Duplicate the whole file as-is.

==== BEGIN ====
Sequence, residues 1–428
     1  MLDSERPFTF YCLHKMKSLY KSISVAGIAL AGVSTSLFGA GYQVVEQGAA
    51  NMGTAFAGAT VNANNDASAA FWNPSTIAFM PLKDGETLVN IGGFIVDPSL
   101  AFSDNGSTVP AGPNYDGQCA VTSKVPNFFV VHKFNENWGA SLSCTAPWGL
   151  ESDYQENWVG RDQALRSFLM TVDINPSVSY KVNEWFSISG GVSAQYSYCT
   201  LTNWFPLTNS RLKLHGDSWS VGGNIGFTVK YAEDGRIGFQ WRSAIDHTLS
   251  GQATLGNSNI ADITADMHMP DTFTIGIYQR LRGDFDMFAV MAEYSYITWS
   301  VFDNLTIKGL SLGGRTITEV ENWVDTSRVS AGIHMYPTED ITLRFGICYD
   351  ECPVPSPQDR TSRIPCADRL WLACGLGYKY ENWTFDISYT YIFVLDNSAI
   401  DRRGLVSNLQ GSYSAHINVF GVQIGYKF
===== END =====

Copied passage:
Sequence, residues 1–428
     1  MLDSERPFTF YCLHKMKSLY KSISVAGIAL AGVSTSLFGA GYQVVEQGAA
    51  NMGTAFAGAT VNANNDASAA FWNPSTIAFM PLKDGETLVN IGGFIVDPSL
   101  AFSDNGSTVP AGPNYDGQCA VTSKVPNFFV VHKFNENWGA SLSCTAPWGL
   151  ESDYQENWVG RDQALRSFLM TVDINPSVSY KVNEWFSISG GVSAQYSYCT
   201  LTNWFPLTNS RLKLHGDSWS VGGNIGFTVK YAEDGRIGFQ WRSAIDHTLS
   251  GQATLGNSNI ADITADMHMP DTFTIGIYQR LRGDFDMFAV MAEYSYITWS
   301  VFDNLTIKGL SLGGRTITEV ENWVDTSRVS AGIHMYPTED ITLRFGICYD
   351  ECPVPSPQDR TSRIPCADRL WLACGLGYKY ENWTFDISYT YIFVLDNSAI
   401  DRRGLVSNLQ GSYSAHINVF GVQIGYKF